Overland flooding closes roads in Wilkin County, other parts of the region
Overland flooding has forced Wilkin County to close several roads, and conditions are expected to worsen as the day wears on and more snow melts, County Engineer Tom Richels said.
Other highways in the region also are seeing overland flooding.
The problem, Richels said, is that water is flowing in the fields rather than in the ditches, which are still packed tight with snow.
"If it was in the ditches, we could control it, and the water gets regulated by the culverts and that," he said. "But when it's out in the fields, there isn't a whole lot we can do with it."
Eighteen inches of water covering County Road 52 north of Rothsay forced county crews to block the road with barricades Sunday night, he said.
The worst flooding is in the northeast corner of the county, where the terrain is hillier and water flows faster, quickly eating through snow, he said.
Other roads underwater include County Road 188 north of Rothsay and County Road 171 southwest of Rothsay.
Water also has crept onto Highway 34 west of Osage and on Highway 200, said Dennis Redig, maintenance superintendent for the Minnesota Department of Transportation's Detroit Lakes District.
Department crews are trying to open ditches and culverts to get the water flowing, he said. Water was about halfway into a driving lane on Interstate 94 south of Highway 108 Sunday night, but that ditch is now flowing, he said.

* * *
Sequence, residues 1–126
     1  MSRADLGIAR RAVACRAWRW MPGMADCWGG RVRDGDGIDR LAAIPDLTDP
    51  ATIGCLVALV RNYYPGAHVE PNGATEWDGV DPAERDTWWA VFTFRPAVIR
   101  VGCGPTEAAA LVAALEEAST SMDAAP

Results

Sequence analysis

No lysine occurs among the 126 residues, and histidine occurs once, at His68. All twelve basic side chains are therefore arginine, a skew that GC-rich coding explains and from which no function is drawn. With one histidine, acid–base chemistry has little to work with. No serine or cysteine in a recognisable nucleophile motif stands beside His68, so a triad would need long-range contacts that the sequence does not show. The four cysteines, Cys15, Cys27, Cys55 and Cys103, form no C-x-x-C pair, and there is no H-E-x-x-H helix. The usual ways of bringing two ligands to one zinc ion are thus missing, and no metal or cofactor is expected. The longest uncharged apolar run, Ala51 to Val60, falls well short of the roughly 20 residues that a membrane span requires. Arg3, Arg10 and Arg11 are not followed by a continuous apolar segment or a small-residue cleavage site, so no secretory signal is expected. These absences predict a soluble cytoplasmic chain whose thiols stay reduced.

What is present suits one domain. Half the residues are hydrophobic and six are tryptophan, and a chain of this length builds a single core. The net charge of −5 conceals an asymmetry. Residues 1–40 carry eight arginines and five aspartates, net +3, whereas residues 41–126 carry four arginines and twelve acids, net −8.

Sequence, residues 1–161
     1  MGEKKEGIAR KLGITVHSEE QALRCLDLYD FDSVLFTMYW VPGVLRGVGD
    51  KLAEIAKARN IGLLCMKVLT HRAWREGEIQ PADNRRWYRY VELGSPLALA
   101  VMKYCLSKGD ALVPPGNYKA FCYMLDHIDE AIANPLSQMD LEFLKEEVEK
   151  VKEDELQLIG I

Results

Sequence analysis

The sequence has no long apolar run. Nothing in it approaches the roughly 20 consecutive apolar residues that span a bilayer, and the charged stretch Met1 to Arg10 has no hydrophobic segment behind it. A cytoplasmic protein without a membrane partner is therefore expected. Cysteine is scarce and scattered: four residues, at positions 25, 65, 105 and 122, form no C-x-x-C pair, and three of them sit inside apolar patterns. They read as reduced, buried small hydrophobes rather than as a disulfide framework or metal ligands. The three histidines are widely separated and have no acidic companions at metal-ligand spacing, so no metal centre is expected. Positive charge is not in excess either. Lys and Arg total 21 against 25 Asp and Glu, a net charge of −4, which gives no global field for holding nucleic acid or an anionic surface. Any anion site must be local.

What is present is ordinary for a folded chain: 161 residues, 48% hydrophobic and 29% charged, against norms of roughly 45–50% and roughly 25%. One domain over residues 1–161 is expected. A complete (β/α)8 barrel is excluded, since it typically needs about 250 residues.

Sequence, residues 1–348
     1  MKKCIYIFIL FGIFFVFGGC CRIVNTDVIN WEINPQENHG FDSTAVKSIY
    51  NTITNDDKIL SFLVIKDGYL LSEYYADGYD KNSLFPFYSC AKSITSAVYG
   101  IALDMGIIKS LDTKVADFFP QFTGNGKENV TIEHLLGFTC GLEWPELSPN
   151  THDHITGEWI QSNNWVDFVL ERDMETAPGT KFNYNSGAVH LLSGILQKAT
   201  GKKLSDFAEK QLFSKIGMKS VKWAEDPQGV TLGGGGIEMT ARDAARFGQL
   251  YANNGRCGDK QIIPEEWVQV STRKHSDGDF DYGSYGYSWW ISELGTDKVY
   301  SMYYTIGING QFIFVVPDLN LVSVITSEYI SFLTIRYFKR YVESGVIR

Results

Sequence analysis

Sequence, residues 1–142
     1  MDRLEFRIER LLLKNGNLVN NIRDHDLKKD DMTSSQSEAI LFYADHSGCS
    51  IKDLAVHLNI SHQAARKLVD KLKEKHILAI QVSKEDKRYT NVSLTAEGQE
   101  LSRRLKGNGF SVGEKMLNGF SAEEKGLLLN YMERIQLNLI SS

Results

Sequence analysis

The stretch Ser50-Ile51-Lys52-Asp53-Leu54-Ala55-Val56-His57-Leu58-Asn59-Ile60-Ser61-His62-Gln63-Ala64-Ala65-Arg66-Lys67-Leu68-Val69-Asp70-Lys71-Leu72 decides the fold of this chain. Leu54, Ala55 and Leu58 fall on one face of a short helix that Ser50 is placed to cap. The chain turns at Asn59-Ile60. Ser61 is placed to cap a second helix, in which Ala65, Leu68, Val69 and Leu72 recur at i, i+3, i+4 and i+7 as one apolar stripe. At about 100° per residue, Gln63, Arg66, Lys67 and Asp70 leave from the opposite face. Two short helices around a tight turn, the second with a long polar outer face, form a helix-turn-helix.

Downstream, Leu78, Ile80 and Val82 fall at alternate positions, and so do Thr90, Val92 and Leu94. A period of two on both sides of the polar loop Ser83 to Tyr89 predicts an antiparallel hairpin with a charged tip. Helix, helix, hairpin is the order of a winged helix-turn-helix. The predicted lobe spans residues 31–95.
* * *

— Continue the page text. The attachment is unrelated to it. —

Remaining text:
Richels said samples taken last week found the ground was still frozen at least 30 inches down.
"None of the water is soaking in at all," he said.
Richels said he measured ice 30 inches thick on the Otter Tail River about two miles east of Breckenridge on Sunday, "which is pretty amazing. I live right there and I've never seen the ice that thick on that river in the past. So I don't know what kind of problems that might cause as that river starts to pick up flow."
Wilkin County is considering building a clay dike along Highway 210 about 10 miles east of Breckenridge to keep water off the road, he said. Construction may start later today.
Redig said more road closures are possible.
"It didn't cool off enough last night to kind of slow the runoff, so there could be more yet today," he said.
Despite the road closures, Richels said this is "a fairly typical flood, nothing extraordinary at this point.
"Later today we'll know a whole lot more, because we're going to get pretty good melting," he said.